How to grow your website. At the Future of Web Apps conference in London, Kevin Rose gave a talk on how to grow your web site's audience from one to one million users. You can watch the whole talk here, but ThinkVitamin has a nice nine step roundup. The approach, which involves quickly releasing a simple product and then cultivating buzz, will be familiar to anyone who has followed the rise of Rose's company, Digg. (Read more about that here.) For instance, Rose recommends that startups "Hack the press." He suggests restricting access to your site to create a sense of exclusivity, talking to lesser-known bloggers who will be more likely to write about you, and skipping conferences (and their high entrance fees) and instead heading straight for the after-parties.

Family businesses face tough times. An estimated 90 percent of US businesses are family owned and, although data is hard to come by, that means that many of the 4.3 million small businesses that closed last year were family businesses, reports the Wall Street Journal. "These businesses, often steeped in tradition and not as flexible to change, tend not to have formal plans in place to respond to a crisis," according to the Journal. So what about the family businesses that do make it? For more on that, check out The Success Gene from our archives, which looks at half a dozen fifth or sixth generation family businesses for whom a recession--even a Great Depression--is nothing new.

Calling all NYC app developers. Taking a cue from the Netflix prize, New York City announced today its NYC BigApps Competition. As the New York Times reports, the contest will supply local programmers and developers with a stockpile of raw municipal data sets to help them build city-related apps for the web and smart phones. At stake is more than $20,000 in cash prizes, as well as a chance to have a private dinner with Mayor Michael Bloomberg. Submissions are due by December 8th, and the contest will be judged by a panel that includes such tech big wigs as Fred Wilson from Union Square Venture and Jason Calacanis, founder of Mahalo.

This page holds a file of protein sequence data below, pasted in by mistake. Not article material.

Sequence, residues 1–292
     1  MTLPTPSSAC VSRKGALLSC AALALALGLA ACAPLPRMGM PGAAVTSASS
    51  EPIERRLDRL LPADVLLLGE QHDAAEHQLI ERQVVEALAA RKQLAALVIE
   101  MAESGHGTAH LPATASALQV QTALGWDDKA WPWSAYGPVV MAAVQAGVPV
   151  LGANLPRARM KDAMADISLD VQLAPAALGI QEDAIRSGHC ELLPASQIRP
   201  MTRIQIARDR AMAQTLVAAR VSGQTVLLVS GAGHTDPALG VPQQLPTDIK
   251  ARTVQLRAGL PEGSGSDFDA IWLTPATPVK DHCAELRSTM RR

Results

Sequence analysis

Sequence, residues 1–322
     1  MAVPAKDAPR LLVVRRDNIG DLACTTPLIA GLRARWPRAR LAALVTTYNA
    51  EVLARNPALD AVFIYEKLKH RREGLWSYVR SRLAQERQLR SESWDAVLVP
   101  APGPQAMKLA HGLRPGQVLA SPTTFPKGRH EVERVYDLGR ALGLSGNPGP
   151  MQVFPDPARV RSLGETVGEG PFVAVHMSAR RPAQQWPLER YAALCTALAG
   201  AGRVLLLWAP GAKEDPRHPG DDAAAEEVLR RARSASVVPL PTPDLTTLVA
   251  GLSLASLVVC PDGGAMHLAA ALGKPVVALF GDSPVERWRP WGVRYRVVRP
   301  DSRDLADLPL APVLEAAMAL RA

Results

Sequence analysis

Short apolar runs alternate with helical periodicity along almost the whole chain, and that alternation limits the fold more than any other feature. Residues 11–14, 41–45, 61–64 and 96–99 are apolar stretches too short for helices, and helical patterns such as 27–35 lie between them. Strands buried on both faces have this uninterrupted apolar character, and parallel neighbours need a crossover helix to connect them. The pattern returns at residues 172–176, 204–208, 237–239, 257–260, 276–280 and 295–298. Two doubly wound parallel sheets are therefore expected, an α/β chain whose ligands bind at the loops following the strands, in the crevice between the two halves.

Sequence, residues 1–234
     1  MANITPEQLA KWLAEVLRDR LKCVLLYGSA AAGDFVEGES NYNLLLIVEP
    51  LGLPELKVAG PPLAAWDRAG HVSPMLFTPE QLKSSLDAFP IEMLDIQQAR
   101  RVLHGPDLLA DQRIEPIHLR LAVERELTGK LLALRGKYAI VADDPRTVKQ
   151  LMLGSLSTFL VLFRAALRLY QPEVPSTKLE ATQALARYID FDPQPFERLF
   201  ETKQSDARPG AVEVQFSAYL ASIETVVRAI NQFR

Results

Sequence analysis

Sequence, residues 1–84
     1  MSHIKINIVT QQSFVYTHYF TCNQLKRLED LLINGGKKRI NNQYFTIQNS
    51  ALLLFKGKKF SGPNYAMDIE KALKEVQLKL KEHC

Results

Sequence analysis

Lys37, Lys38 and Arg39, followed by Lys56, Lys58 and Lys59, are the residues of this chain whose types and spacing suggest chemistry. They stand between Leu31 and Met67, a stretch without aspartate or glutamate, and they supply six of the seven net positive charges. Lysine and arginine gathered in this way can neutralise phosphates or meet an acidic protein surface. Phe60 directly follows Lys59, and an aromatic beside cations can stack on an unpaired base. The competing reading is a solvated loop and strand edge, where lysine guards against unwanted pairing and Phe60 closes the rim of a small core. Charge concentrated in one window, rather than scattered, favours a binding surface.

Taking your business virtual. Remember Second Life? Despite reports that the virtual world is struggling, Web Worker Daily says that it's still a great business platform. Revenue for virtual worlds has been doubling year over year and the market could be as big as $10 billion by 2015. Meanwhile, Second Life and other virtual worlds are a great place for employee collaboration. For more on the Second Life story, check out our profile of co-founder Philip Rosedale.

Blogs face new disclosure rules. On Monday, the Federal Trade Commission issued guidelines requiring the full disclosure of the relationships between bloggers and advertisers, The New York Times reports. The new rules, which go into effect Dec. 1, specifically target bloggers who write product reviews and receive pay or free products from the companies--the first time endorsement rules have been revised since 1980. Though these rules seem pretty benign, Jeff Jarvis worries that they could have unintended consequences. "So for the FTC to go after bloggers and social media—-as they explicitly do-—is the same as sending a government goon into Denny's to listen to the conversations in the corner booth and demand that you disclose that your Uncle Vinnie owns the pizzeria whose product you just endorsed," he writes.

Get ready for "augment reality" startups. As reported by the Associated Press, new smart phone applications combine information from the world and the Web to allow users to get information about what surrounds them. For instance, by holding up your phone and using the camera as a viewfinder, an augmented reality application could give you reviews about the restaurants you pass.

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